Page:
Client Bulletin #404

2.9.09

For a printer-friendly copy of this Client Bulletin, click here.

EDITOR’S NOTE: On January 30, we reported that President Barack Obama had signed three Executive Orders affecting federal contractors. At the time, we promised to follow up with a more in-depth analysis of the Executive Order treating as “unallowable” federal funds used in connection with union organizing efforts. The following is our promised analysis. A separate Client Bulletin discusses the Executive Order revoking the Bush Administration “Beck Rule,” requiring that federal contractors notify employees of their rights not to join a union and not to have their dues used for political or other non-representational purposes. The third Executive Order requires that “successor” contractors on federal service contracts offer positions to the non-management employees of the predecessor contractors in most cases.

Sending a clear pro-union signal to both employers and organized labor, President Obama initiated the first step toward what many believe will be a union-friendly agenda over the next four years. Executive Order No. 13495 could have a direct impact on a “cost-plus” contractor’s right and ability to react to a union organizing effort.

The Order, entitled “Economy in Government Contracting,” says it is intended “to promote economy and efficiency in Government contracting” and to “ensure the economical and efficient administration of Government contracts, contracting departments and agencies, when they enter into, receive proposals for, or make disbursements pursuant to a contract as to which certain costs are treated as unallowable….”

Under this Order, such “unallowable costs” would include the following activities, if those activities are undertaken to persuade employees “to exercise or not to exercise rights to organize and bargain collectively”:

* preparing and distributing materials;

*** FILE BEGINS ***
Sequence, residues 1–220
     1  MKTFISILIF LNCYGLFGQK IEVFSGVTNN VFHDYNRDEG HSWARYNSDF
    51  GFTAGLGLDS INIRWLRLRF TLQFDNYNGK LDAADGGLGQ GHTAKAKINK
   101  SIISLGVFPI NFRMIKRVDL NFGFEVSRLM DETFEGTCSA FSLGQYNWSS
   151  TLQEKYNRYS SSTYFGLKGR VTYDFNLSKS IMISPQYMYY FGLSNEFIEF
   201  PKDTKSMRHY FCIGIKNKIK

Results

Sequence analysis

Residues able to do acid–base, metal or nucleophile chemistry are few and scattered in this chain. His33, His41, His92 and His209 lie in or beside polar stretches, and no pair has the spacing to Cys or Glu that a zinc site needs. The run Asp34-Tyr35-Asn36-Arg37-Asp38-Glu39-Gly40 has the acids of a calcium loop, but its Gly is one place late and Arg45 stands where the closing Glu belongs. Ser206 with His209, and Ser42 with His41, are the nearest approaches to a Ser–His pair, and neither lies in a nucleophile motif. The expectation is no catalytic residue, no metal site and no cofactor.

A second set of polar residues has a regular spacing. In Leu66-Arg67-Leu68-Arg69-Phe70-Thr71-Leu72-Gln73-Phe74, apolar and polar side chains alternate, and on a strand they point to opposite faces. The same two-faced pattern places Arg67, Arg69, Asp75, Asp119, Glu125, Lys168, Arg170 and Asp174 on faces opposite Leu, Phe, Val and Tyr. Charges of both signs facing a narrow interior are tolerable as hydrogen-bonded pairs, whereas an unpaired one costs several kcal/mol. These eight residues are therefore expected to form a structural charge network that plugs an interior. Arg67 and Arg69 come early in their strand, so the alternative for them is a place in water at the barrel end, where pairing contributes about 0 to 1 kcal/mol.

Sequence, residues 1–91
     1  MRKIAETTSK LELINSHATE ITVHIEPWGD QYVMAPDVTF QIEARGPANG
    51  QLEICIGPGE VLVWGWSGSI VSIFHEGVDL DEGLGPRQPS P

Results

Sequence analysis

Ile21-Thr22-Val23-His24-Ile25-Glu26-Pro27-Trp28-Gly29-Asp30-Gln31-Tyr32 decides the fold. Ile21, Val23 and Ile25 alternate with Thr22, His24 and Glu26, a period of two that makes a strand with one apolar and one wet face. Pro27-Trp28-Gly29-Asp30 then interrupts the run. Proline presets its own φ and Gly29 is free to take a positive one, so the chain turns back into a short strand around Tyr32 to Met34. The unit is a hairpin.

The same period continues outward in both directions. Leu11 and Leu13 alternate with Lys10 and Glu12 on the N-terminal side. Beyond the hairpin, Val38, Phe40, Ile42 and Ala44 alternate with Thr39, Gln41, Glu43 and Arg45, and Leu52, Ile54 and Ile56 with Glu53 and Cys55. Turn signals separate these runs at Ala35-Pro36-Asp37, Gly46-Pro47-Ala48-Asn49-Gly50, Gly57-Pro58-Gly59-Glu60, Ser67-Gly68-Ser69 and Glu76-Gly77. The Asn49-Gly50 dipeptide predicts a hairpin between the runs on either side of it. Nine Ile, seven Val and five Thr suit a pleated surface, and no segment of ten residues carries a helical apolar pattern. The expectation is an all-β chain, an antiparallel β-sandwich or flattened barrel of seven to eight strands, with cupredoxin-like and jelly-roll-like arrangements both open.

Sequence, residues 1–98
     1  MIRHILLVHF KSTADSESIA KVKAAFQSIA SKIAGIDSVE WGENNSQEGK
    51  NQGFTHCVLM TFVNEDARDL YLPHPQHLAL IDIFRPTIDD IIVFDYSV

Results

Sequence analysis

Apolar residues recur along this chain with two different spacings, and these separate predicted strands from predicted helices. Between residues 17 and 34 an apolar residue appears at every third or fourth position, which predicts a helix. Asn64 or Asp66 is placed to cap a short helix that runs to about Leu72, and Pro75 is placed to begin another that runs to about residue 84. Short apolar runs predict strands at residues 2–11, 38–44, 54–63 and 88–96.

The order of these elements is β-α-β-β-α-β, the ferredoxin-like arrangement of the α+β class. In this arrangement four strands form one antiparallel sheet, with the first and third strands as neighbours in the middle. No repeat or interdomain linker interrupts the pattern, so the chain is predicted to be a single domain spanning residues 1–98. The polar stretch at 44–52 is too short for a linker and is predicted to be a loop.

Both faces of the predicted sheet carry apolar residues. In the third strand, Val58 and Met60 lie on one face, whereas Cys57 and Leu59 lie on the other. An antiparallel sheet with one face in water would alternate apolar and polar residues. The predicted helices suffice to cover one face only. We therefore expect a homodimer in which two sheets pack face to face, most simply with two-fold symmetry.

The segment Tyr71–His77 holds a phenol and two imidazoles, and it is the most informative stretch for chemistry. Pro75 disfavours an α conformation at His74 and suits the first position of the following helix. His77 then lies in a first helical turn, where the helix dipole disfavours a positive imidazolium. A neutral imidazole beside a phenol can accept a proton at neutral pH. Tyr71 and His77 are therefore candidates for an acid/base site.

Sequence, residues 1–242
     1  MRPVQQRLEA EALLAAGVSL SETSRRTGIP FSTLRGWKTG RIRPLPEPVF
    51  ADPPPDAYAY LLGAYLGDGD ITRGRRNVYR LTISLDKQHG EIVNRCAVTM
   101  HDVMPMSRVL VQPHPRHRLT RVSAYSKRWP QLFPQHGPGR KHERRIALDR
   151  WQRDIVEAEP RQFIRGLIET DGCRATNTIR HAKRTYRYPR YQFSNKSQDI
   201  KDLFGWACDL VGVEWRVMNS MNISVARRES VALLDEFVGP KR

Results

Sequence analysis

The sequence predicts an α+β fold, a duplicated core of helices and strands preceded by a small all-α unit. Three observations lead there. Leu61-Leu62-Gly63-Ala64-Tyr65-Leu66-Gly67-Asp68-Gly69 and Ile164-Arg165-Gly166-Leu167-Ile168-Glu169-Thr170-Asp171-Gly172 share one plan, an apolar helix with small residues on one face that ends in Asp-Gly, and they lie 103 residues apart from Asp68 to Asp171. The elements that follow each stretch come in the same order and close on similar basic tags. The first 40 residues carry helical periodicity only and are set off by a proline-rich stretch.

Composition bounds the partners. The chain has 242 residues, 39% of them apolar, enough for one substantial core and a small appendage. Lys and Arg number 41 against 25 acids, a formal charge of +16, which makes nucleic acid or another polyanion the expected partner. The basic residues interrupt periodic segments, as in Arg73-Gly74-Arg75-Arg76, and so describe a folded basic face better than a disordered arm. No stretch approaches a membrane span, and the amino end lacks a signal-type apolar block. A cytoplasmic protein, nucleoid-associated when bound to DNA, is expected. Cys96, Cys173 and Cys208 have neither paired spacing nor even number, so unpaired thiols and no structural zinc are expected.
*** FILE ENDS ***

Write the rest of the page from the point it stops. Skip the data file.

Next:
* hiring and working with legal counsel or consultants;
* holding meetings (including paying the attendees for time spent at meetings held for this purpose); and
* planning or conducting activities by managers, supervisors, or union representatives during work hours.

The Executive Order mirrors an attempt of the Clinton Administration in 1999 to achieve the same objective through a rule amending the Federal Acquisition Regulation.

Order applies to “cost-plus” contracts only

As a general rule, the only government contracts that will be affected by the Order are those for which the government reimburses costs, as distinguished from fixed-price contracts for which a contractor’s costs are its own responsibility.

In the case of contracts for which the government reimburses costs (cost-plus contracts), the government reimburses contractors for costs that are reasonably incurred in performing the contracts and properly allocable to contract performance. Whether the government will reimburse any particular cost in connection with such contracts depends not only on the general concepts of reasonableness and allocability, but also on extensive regulations concerning costs that are specifically “allowable” and those which are specifically “unallowable.”

Before the Order was issued, the applicable Federal Acquisition Regulation provided that “[c]osts incurred in maintaining satisfactory relations between the contractor and its employees, including costs of shop stewards, labor management committees, employee publications, and other related activities, are allowable.” 48 C.F.R. §31.205-21. The Order effectively requires an exception to the regulation for specified activities undertaken to persuade employees in the exercise or non-exercise of particular rights. Costs incurred in connection with such activities will now be expressly “unallowable” and, therefore, non-reimbursable.

Effective date